The Arduino Due is the first Arduino with an ARM-based microcontroller. It is based on the Atmel SAM3X8E ARM Cortex-M3 CPU that enables a higher level of performance compared to Arduinos with 8-bit microcontrollers. The Arduino Due has 54 digital input/output pins (of which 12 can be used as PWM outputs), 12 analog inputs, 4 UARTs (hardware serial ports), a 84 MHz clock, a USB OTG capable connection, 2 DAC (digital to analog converters), 2 TWI, a power jack, an SPI header, a JTAG header, and reset and erase buttons.
Note: There are differences between the Arduino Due and previous Arduino boards. As such, there could be incompatible Arduino shields and libraries. The Arduino Due works with our motor shields, though the motor driver shield current sense outputs can exceed the Due’s 3.3 V I/O pin limit at high currents. Please see the shield user’s guides for more details.
The Arduino Due is a microcontroller board based on the Atmel SAM3X8E ARM Cortex-M3 CPU. It is the first Arduino board based on a 32-bit ARM core microcontroller. It has 54 digital input/output pins (of which 12 can be used as PWM outputs), 12 analog inputs, 4 UARTs (hardware serial ports), a 84 MHz clock, a USB OTG capable connection, 2 DAC (digital to analog converters), 2 TWI, a power jack, an SPI header, a JTAG header, a reset button and an erase button. The Due is compliant with the Arduino 1.0 pinout; it has SDA and SCL pins near the AREF pin and an IOREF pin, which can be used by shields to detect the microcontroller board voltage.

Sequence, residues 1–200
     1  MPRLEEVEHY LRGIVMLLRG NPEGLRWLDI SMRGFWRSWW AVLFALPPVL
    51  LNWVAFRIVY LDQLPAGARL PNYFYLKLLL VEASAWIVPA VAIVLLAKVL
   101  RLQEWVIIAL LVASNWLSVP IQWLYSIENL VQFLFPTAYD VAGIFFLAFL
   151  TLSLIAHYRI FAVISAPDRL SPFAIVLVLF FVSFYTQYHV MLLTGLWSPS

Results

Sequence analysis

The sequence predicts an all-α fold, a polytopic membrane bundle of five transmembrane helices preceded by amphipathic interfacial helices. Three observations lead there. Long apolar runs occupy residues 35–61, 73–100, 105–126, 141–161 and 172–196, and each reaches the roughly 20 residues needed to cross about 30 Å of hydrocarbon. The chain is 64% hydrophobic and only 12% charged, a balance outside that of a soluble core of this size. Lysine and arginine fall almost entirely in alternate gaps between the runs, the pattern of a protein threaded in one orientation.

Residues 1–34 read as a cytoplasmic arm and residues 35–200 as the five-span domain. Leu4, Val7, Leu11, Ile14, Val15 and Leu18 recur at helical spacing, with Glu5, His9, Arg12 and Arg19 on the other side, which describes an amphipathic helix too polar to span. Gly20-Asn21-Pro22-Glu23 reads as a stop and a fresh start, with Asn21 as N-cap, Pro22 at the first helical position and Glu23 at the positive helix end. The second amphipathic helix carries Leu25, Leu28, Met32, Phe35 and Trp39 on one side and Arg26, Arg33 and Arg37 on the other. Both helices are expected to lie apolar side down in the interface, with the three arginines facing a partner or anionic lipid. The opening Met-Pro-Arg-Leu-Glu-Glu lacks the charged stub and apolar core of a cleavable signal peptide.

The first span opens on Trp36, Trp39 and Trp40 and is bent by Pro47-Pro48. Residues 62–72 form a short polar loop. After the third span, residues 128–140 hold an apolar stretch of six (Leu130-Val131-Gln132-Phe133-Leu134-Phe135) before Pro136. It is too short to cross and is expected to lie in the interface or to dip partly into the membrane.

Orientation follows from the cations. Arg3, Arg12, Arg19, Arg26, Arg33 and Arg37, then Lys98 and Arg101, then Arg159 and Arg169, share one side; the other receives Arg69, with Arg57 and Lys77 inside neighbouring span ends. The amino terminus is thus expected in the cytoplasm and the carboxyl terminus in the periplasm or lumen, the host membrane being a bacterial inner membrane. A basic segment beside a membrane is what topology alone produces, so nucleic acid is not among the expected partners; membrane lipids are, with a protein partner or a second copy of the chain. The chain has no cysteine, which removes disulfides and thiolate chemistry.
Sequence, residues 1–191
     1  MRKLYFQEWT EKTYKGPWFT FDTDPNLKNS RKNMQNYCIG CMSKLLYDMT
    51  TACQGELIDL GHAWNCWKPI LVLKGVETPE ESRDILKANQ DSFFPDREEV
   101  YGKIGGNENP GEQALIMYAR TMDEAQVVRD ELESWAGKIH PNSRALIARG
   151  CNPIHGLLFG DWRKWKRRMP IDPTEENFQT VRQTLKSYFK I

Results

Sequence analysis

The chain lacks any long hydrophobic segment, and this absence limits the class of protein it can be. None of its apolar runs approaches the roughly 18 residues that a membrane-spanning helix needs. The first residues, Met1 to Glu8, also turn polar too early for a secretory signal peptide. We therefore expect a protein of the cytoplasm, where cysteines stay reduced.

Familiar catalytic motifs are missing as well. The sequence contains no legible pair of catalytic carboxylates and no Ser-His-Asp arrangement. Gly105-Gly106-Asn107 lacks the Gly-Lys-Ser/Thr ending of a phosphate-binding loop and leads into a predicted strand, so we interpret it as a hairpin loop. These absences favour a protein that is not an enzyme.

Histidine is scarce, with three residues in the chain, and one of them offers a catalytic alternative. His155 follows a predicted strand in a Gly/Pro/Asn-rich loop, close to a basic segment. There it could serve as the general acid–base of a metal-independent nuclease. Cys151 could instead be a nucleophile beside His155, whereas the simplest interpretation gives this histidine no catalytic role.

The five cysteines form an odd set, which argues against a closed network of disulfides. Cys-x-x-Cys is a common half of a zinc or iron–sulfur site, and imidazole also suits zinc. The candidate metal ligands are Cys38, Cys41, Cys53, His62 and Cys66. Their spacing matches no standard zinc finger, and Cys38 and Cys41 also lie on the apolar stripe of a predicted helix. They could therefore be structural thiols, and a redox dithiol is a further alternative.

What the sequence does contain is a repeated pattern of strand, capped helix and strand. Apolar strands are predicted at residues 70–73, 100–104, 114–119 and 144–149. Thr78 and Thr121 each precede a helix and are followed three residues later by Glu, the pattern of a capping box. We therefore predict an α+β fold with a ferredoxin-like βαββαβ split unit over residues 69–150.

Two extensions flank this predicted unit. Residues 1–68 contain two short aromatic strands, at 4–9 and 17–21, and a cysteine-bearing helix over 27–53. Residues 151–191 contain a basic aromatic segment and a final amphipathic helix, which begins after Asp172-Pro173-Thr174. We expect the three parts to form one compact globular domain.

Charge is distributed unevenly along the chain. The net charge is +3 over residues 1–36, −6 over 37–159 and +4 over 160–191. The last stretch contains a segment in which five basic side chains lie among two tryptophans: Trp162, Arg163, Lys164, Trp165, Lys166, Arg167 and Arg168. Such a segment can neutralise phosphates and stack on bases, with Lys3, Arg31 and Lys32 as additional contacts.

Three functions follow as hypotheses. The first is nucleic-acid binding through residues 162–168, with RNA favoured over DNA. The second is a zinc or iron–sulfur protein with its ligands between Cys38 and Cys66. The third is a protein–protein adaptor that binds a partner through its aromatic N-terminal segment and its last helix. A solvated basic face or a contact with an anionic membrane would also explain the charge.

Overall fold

Unlike many other Arduino boards, the Arduino Due board runs at 3.3 V. The maximum voltage that the I/O pins can tolerate is 3.3 V. Connecting higher voltages, like 5 V, to an I/O pin could damage the board.
The Arduino has a large support community and an extensive set of support libraries and hardware add-on “shields”, making it a great introductory platform for embedded electronics. Note that we also offer a SparkFun Starter Kit for RedBoard and a SparkFun Inventor’s Kit, both of which include an Arduino-compatible RedBoard along with an assortment of components (e.g. breadboard, sensors, jumper wires, and LEDs) that make it possible to create a number of fun introductory projects.
More information about the Arduino Due is available on Arduino’s website.
Warning: We recommend not connecting the Arduino to USB while it is powered through VIN. See this forum post for more information.
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